Bust the Myths of Hydration for Good
Before we proceed, RunSociety would like to thank Hammer Nutrition for being so kind as to allow us to republish part of their extensive library of research material in the broad area of nutrition. The following is an article written by Steve Born who’s had nearly 15 years of nutritional fuelling and supplementation research under his belt. Here’s what he says about hydration.
Keep Fluid Intake during Exercise between 470 to 830 ml per Hour
There’s probably more misinformation on the subject of hydration than any other aspect of fuelling, which is really bad because over hydration also presents the most serious physiological consequences of any fuelling issue. Acute over hydration can cause hyponatremic (low sodium) induced coma and death.
In general, most athletes, under most conditions, will satisfy hydration needs with a fluid intake in the range of 590 to 740 ml/hour – roughly the equivalent of a standard sized small or large water bottle. Lighter athletes and/or athletes exercising in cool weather conditions may only require an intake of 470 to 530 ml/hour. Larger athletes and/or athletes exercising under very hot and humid conditions are the ones that can consider fluid intakes at the high end of that range (830 ml/hour), perhaps even upwards of up to 890 ml/hour on occasion. Sure, you can sweat more than that, but you cannot physiologically replace it ounce-for-ounce.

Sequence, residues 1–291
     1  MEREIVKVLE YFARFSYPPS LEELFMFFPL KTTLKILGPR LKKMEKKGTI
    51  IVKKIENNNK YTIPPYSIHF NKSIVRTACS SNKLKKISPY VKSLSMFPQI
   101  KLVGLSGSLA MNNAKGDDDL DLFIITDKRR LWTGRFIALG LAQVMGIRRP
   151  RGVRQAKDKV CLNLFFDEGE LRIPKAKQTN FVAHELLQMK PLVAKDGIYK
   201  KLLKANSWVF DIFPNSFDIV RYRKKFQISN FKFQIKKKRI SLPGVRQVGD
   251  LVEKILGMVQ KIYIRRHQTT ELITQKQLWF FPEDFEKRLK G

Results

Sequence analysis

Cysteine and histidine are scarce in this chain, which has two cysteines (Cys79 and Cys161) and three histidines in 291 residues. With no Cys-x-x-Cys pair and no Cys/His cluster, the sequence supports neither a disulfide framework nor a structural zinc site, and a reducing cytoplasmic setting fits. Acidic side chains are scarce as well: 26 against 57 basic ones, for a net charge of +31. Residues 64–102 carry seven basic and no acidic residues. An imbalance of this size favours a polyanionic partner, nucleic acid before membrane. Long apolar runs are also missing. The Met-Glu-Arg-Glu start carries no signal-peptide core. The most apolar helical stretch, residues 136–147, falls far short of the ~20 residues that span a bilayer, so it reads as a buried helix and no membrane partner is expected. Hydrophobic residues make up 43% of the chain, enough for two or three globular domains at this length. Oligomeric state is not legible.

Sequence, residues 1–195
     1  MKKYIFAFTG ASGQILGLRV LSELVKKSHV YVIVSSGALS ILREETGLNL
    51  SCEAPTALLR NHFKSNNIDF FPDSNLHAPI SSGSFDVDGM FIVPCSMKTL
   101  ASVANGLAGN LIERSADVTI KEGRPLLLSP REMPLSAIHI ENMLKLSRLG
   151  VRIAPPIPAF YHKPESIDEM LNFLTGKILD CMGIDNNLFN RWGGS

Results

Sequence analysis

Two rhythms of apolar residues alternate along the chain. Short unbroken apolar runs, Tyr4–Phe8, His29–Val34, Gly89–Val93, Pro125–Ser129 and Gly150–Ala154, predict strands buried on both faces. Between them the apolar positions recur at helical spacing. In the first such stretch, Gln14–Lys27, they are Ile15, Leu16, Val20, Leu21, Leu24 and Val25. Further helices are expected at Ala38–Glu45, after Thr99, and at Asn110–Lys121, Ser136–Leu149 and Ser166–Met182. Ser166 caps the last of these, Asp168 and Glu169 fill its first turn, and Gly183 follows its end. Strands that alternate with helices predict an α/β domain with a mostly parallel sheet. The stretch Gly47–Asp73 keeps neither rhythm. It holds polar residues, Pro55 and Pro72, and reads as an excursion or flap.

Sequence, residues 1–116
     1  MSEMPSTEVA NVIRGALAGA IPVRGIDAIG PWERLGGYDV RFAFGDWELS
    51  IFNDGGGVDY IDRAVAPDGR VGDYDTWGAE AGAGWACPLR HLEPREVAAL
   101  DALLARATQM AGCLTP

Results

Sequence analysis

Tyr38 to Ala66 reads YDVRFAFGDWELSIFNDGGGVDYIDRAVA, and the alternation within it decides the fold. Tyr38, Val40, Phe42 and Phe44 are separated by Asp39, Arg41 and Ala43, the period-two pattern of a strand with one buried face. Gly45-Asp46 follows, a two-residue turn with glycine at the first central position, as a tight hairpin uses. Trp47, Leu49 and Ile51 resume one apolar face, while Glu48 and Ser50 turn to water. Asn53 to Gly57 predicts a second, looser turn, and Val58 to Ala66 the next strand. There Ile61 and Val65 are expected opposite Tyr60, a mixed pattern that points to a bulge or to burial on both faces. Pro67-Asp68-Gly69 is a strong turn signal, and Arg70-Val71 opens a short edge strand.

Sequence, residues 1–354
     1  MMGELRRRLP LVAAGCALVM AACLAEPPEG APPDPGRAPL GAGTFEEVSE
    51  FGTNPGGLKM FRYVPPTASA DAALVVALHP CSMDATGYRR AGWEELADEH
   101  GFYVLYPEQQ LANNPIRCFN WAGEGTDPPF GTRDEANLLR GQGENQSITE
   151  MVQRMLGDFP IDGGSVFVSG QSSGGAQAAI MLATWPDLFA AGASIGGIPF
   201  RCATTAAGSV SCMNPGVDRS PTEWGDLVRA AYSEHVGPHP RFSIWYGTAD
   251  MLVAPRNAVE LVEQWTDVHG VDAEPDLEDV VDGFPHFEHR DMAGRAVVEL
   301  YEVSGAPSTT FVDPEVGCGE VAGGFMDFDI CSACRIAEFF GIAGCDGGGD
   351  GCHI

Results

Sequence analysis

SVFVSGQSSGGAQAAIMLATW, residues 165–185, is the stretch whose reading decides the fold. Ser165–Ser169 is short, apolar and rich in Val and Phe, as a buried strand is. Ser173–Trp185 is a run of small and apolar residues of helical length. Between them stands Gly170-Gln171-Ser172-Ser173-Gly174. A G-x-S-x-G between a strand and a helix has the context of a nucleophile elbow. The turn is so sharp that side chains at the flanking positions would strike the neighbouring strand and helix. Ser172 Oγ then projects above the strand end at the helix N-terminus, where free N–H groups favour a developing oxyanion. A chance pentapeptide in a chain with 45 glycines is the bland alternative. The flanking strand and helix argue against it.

Regular fluid intake over 890 to 1005 ml hourly really increases the potential for serious performance and health problems, so keep that in mind before you indiscriminately gulp down excessive amounts of fluid. If you override your internal mechanisms, you’ll find out the hard way how your body deals with excess water intake during intense exercise. Unless you enjoy nausea, bloating, and DNFs, forget advice like “drink to replace” or “drink even when you’re not thirsty” – it’s just plain wrong.